COVID-19: EasyJet grounds entire fleet

EasyJet (LON:EZJ) said on Monday that it is more cautious about its financial performance in the second half of its financial year.

Shares in the budget airline were trading 8% lower on the back of the announcement.

The company said in a statement that whilst the results from the first half will be in line with expectations, Brexit uncertainty is causing a weaker customer demand in the market. As a result, easyJet’s outlook for the second half of its financial year is more cautious.

“We are operationally well prepared for Brexit. Now that the EU Parliament has passed its air connectivity legislation and together with the UK’s confirmation that it will reciprocate, means that whatever happens, we’ll be flying as usual.  I am pleased that we have also made progress on our European ownership position which is now above 49%,” Johan Lundgren, Chief Executive of easyJet, commented.

“For the second half we are seeing softness in both the UK and Europe, which we believe comes from macroeconomic uncertainty and many unanswered questions surrounding Brexit which are together driving weaker customer demand,” he continued.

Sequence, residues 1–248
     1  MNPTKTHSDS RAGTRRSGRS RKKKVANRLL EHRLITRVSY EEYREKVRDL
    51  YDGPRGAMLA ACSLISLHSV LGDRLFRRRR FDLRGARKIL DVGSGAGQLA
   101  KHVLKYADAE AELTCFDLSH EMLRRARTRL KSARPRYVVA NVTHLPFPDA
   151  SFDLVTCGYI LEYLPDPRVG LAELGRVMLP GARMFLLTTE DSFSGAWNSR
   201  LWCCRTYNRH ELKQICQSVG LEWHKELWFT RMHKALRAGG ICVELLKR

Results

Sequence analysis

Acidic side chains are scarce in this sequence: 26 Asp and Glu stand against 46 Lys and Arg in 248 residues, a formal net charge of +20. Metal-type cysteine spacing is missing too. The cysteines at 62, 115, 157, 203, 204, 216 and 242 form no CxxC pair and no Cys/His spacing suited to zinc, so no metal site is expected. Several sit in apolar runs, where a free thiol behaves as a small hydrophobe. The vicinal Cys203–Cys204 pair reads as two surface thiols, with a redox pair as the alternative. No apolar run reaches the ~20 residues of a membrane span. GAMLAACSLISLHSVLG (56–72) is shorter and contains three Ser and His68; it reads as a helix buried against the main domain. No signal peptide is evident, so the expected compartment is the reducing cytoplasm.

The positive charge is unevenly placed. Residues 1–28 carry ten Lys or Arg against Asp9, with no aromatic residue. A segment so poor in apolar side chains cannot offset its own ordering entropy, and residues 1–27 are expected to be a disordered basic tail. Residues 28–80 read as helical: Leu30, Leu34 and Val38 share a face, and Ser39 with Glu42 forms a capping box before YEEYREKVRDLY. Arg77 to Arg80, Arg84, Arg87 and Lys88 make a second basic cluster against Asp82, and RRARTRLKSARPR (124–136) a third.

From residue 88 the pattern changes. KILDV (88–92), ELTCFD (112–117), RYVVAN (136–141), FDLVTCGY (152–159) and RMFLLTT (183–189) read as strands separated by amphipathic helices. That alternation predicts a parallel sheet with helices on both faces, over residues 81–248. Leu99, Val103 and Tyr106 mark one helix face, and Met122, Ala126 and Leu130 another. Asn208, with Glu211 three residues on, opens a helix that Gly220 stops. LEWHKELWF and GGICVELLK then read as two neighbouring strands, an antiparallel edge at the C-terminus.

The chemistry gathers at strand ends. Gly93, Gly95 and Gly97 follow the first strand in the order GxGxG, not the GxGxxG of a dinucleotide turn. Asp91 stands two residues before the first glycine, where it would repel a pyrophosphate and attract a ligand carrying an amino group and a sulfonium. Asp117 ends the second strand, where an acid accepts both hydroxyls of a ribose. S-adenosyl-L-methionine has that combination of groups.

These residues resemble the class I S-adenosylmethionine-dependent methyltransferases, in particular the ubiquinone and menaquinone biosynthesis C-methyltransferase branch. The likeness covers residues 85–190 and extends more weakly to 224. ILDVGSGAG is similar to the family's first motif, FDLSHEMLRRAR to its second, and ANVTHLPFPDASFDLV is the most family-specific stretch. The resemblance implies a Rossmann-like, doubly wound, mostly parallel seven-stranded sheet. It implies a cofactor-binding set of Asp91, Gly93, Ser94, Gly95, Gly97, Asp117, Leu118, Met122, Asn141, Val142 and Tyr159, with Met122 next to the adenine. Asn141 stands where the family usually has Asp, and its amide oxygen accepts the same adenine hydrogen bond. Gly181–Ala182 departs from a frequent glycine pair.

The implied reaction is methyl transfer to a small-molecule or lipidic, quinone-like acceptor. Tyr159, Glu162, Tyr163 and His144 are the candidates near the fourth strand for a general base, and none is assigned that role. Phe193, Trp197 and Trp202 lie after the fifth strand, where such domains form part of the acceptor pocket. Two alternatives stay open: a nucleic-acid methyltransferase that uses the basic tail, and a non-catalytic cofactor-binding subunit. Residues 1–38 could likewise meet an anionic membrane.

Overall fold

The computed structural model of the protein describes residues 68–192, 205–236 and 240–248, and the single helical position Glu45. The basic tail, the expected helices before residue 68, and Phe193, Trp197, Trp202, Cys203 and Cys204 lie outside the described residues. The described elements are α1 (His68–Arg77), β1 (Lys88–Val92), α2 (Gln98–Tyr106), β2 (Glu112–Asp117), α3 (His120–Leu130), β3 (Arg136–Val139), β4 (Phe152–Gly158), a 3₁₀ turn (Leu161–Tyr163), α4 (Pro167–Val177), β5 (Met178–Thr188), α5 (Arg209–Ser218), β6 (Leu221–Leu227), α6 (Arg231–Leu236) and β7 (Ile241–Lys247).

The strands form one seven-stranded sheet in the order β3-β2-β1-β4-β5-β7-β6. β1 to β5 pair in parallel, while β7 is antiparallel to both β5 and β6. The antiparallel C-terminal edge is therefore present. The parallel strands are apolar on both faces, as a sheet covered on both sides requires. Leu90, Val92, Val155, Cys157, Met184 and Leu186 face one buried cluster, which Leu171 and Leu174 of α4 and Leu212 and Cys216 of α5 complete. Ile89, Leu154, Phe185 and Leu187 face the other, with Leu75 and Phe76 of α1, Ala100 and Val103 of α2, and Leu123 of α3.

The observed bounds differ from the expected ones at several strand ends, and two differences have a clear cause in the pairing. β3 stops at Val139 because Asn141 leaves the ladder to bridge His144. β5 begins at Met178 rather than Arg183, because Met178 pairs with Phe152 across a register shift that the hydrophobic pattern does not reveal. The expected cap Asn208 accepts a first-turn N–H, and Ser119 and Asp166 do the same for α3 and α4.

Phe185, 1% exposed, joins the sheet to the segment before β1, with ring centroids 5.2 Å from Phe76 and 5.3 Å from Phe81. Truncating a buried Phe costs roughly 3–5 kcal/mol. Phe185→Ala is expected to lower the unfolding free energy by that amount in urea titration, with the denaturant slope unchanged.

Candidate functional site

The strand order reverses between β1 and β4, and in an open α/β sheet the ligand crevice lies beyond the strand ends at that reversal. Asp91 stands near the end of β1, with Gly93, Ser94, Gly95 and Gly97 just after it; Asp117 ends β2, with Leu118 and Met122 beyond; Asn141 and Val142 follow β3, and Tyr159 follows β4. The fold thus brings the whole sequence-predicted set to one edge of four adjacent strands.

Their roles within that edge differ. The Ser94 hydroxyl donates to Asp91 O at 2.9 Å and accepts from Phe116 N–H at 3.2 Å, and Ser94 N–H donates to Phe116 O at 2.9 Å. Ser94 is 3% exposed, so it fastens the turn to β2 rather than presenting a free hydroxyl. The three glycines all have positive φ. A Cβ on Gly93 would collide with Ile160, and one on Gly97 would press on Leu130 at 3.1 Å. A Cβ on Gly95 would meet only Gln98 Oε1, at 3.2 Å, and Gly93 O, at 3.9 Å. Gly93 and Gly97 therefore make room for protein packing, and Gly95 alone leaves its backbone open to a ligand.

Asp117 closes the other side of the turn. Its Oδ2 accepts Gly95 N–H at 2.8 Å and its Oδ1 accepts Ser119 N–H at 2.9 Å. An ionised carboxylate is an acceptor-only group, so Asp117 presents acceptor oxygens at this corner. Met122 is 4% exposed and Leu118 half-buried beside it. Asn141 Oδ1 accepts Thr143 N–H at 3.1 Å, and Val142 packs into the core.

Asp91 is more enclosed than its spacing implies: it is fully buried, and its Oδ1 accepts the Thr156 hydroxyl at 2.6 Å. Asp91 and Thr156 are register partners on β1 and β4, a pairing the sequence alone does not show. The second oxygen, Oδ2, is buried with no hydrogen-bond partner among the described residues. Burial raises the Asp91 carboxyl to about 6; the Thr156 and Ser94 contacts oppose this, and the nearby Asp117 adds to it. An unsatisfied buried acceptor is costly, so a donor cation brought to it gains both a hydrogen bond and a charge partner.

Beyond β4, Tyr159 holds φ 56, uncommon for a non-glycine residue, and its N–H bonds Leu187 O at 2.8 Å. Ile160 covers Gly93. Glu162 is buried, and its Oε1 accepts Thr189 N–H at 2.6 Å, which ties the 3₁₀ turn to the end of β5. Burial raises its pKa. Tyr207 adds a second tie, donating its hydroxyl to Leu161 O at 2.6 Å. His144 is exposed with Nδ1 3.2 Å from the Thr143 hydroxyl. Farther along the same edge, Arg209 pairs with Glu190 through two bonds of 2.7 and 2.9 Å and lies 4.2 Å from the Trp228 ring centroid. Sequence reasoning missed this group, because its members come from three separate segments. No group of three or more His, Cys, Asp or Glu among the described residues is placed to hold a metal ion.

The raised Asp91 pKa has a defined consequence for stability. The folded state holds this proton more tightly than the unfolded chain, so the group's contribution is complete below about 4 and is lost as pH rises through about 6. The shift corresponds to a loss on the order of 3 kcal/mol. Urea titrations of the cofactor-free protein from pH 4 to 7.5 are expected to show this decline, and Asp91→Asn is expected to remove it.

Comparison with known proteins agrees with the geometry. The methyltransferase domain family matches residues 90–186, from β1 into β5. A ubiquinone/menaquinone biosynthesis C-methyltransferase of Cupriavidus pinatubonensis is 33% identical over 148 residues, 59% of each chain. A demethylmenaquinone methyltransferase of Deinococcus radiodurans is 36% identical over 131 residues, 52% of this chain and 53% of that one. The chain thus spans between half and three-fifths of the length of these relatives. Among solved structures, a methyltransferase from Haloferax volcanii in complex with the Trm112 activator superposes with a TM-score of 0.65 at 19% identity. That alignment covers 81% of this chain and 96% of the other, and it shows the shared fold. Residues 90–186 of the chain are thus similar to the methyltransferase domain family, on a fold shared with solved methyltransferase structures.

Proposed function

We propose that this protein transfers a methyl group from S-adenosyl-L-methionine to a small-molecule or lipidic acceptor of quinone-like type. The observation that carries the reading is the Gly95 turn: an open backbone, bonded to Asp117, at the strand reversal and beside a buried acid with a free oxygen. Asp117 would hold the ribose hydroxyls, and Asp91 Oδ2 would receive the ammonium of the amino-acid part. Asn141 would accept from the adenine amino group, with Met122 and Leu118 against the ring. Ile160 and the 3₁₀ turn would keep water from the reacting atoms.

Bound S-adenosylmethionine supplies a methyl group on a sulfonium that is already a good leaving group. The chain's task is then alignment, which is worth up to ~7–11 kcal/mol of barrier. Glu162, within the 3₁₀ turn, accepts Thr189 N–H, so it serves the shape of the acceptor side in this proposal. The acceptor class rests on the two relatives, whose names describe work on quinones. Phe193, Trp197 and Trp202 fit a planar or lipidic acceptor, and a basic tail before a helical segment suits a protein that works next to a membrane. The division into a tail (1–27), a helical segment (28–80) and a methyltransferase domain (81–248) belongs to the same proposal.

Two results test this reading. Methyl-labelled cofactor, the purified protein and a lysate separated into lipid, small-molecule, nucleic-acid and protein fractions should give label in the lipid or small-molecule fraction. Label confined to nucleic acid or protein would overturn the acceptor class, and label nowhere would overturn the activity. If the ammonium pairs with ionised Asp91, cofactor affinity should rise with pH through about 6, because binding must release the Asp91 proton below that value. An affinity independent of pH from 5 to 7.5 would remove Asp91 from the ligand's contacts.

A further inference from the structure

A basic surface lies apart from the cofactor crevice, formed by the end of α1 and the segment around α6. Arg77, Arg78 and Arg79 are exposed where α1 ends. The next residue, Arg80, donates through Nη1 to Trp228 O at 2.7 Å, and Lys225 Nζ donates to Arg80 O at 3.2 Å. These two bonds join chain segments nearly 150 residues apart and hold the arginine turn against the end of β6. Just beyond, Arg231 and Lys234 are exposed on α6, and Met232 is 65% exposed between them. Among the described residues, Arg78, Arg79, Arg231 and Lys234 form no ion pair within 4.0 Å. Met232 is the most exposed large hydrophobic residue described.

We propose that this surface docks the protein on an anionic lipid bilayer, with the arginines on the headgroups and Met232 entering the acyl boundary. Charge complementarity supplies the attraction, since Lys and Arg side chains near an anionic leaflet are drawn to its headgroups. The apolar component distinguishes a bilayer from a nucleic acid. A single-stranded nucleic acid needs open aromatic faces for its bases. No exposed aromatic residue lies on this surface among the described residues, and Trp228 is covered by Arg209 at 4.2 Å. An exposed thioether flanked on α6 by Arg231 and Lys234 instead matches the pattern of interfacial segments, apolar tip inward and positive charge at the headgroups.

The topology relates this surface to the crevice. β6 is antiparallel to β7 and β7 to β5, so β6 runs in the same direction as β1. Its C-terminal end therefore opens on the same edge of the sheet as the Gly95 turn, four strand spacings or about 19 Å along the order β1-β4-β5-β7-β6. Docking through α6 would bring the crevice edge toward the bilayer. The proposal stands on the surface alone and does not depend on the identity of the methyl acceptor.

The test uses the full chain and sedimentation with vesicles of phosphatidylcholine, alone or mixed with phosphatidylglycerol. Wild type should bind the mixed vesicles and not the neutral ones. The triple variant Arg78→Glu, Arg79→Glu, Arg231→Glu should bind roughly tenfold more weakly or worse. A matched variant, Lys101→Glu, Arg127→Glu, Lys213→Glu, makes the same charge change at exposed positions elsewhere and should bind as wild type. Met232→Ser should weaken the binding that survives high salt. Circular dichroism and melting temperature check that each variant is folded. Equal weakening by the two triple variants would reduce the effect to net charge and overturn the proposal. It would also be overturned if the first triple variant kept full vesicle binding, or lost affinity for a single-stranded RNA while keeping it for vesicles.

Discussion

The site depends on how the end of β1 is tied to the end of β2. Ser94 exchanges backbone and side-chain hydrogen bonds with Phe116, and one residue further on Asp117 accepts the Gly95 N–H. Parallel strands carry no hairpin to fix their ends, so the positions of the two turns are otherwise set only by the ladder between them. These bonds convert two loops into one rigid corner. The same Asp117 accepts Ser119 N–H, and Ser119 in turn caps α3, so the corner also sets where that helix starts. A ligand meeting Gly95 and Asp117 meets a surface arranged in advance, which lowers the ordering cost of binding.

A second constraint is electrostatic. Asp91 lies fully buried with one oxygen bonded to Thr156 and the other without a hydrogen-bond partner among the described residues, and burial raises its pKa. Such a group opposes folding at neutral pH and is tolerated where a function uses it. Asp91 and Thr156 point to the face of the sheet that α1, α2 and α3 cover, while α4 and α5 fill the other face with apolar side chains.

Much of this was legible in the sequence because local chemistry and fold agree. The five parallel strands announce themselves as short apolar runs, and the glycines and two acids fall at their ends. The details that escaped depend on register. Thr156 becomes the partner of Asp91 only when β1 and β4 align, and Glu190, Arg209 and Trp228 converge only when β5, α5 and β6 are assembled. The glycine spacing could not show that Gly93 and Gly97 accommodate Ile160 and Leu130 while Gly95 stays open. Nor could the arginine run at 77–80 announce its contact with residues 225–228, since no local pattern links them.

“We are rolling out further initiatives to support our trading and are making significant progress in our Operational Resilience Programme, which is designed to make the easyJet flying experience better for our customers over the summer.”

The airline, who expects a first half headline loss before tax of roughly £275 million, will deliver its first half performance in line with the guidance announced in its first quarter trading statement.

Elsewhere in the aviation industry, esayJet rival Ryanair (LON:RYA) has also warned of Brexit uncertainty. Earlier this year Ryanair said that the ‘risk of a “no deal” Brexit remains worryingly high’. The carrier revealed that it was pursuing a number of steps to secure routes.

At the end of last week Tui (ETR:TUI1) issued a profit warning on the impact the grounding of the Boeing 737 max fleet will have on its profits. It warned that it could incur costs as high as £258 million amid its efforts to seek alternative arrangements for its customers.

Shares in Tui and Ryanair were also dropped, trading 4% and 1% lower respectively.